The designer's done their best to create some great learning moments - now it's the trainer's turn! 

Going back to an analogy used on an earlier page, you may have a great movie script but you still need actors, as well as a director, to turn the words on the page into something an audience can see, hear, and most importantly be influenced by. 

To reiterate, CSAR is about a learner's state of mind, body and focus. Trainers can assist learners enormously to achieve these states, but only if they are open-minded and willing to be flexible in their delivery style.

Just to be clear, any trainer can communicate to support the CSAR states (at the end of the day they're only being asked to use their body, tone of voice, vocabulary and overall energy in certain ways), it's just that sometimes they seem reluctant to do so, as if they are somehow giving up, rather than gaining, skillfulness.

 

Training Style

Many trainers both pride and sell themselves on their "style". The thing about CSAR is that we're looking for four styles; four aspects of you, each of which supports one of the learner states better than the others. Whilst it's fair to say that we all have the capacity to communicate in such a flexible and strategic way, most trainers seem uncomfortable with at least one of the four trainer styles.

Derek: "I'm a classic example. I have a natural over-the-top, motivating style of communication, in front of groups and pretty much anywhere else! This helps me enormously in creating Curiosity in workshops, however this type of manner does not effectively support the state of learner Study. My natural arm waving, question-asking, vocal inflection and anecdote telling creates "what I term communication clutter". The learner is distracted from the task at hand, which is to go to that calm, still and serene study place. In truth, I need CSAR as much as anyone, if not more. My extroversion and need to perform also used to inhibit my ability to be informal and real with groups. This made working within the Activity and Reflection quadrants a little uncomfortable for me as well. These days I've learned to be myself - natural and authentic - whilst training in these quadrants, and as such groups achieve these states, and therefore learn, far more effectively."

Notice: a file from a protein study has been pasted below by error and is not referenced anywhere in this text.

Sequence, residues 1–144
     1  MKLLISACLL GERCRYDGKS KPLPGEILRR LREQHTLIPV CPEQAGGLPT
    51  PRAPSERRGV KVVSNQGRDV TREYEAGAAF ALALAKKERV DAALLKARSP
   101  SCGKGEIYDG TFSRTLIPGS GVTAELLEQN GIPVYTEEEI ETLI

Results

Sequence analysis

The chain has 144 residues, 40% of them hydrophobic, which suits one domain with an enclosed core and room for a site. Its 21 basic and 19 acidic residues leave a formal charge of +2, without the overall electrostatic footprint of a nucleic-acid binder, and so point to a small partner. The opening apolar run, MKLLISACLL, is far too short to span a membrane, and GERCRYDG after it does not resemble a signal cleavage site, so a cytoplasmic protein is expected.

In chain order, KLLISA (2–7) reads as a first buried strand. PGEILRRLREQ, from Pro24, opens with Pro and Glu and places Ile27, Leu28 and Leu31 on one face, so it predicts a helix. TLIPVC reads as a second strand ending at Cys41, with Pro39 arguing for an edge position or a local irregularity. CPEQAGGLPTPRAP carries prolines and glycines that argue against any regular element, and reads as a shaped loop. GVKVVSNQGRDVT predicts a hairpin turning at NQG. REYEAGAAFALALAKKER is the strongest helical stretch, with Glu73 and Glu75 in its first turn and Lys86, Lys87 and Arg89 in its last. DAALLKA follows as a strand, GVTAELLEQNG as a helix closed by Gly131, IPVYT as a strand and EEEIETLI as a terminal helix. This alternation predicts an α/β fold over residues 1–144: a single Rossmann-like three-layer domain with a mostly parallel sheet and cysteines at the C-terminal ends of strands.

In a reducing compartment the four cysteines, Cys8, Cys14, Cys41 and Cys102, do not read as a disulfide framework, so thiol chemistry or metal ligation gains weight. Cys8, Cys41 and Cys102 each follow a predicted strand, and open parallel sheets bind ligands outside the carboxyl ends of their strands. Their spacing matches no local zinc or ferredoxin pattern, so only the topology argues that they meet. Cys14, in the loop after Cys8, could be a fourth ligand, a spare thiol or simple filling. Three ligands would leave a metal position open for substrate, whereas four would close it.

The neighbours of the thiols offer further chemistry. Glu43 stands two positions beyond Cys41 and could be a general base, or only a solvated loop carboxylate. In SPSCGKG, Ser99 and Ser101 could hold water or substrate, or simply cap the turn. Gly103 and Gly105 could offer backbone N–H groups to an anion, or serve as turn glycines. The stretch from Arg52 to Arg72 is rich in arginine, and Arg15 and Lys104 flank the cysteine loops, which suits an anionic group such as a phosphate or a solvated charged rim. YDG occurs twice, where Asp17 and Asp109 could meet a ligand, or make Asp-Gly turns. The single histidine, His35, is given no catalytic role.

Training across the 4 quadrants

This page seeks to outline the gist of what trainers need to be able to do whilst working with groups within each of the CSAR quadrants:

 

1: CURIOSITY - The trainer as presenter:

Trainers need to access their public speaking/presentation skills whilst training in this quadrant. Why? Because learners need to need to learn - to be curious - and this state is assisted greatly by a compelling, emotive leader in the front of the room. Getting others to care is what motivational speaking is all about. A lot of trainers have such skills, but if you feel you're under, then attending a presentation skills course may well be a good investment. 

2: STUDY - The trainer as teacher/lecturer:

Ever wondered why most media-trained presenters tend to do much the same thing:

  • They speak slowly & clearly
  • They pause as they release each new, separate idea, rather than just when they finish a sentence
  • Their body and face remain fairly still and measured, as if not to distract the viewer from their message

In a training context we call this Explaining Technique, and it underpins what trainers can do to easily create a Study state in their workshops. Some trainers, especially those with a strong background in motivational speaking, can be a little reluctant to pull back their normal style in such a way, but the results are well worth it.

If this is you, a great way to look at it is that you're creating the feel of a library in your training room; just for a few minutes, every so often. The thing is, learners love being in this essential state, especially if they're curious going in!

3: ACTIVITY - The trainer as coach:

The Curiosity and Study states require a formal trainer approach. Quite literally, the trainer is on show, asking the group for their heart or mind. With the Activity and Reflection states, the trainer must dip into a different bag of tricks, largely exchanging their presentation skill set for that of facilitating groups and meetings. The essence of this skill set is being authentically plugged into the moment. As such, informality - being one's "off-stage" self - is key.

With activity running, the trainer needs to observe, assist, re-iterate or clarify instructions, answer questions, give feedback etc; all the things that coaches do. This is the state that looks most like one-on-one work with learners. For the workshopping trainer, this may be something they do a lot or a little of, depending on what their overall role/life affords.

Derek: "Until recently I seldom did any one-on-one educating with learners. As such I really struggled to feel comfortable whilst supporting the learner's Activity state. I simply didn't know what to do with myself! I'd continually interrupt groups with more speech-making, or just roam around the room, hovering. These days I'm a lot better at being what I call the "weekend me" whilst workshopping. !"

4: REFLECTION - The trainer as facilitator:

If you run interactive, effective meetings, then you can run discussions in the training room. Equally, if you run more facilitated types of workshops, then you have what's required to support and foster the all-important Reflection state.

The key is to create an environment where the group are challenged to examine and explore what they have discovered via activities, as well as life and how skills and knowledge could/should be used back at work. Leading a group to be strategic, to plan, risk assess etc are all important.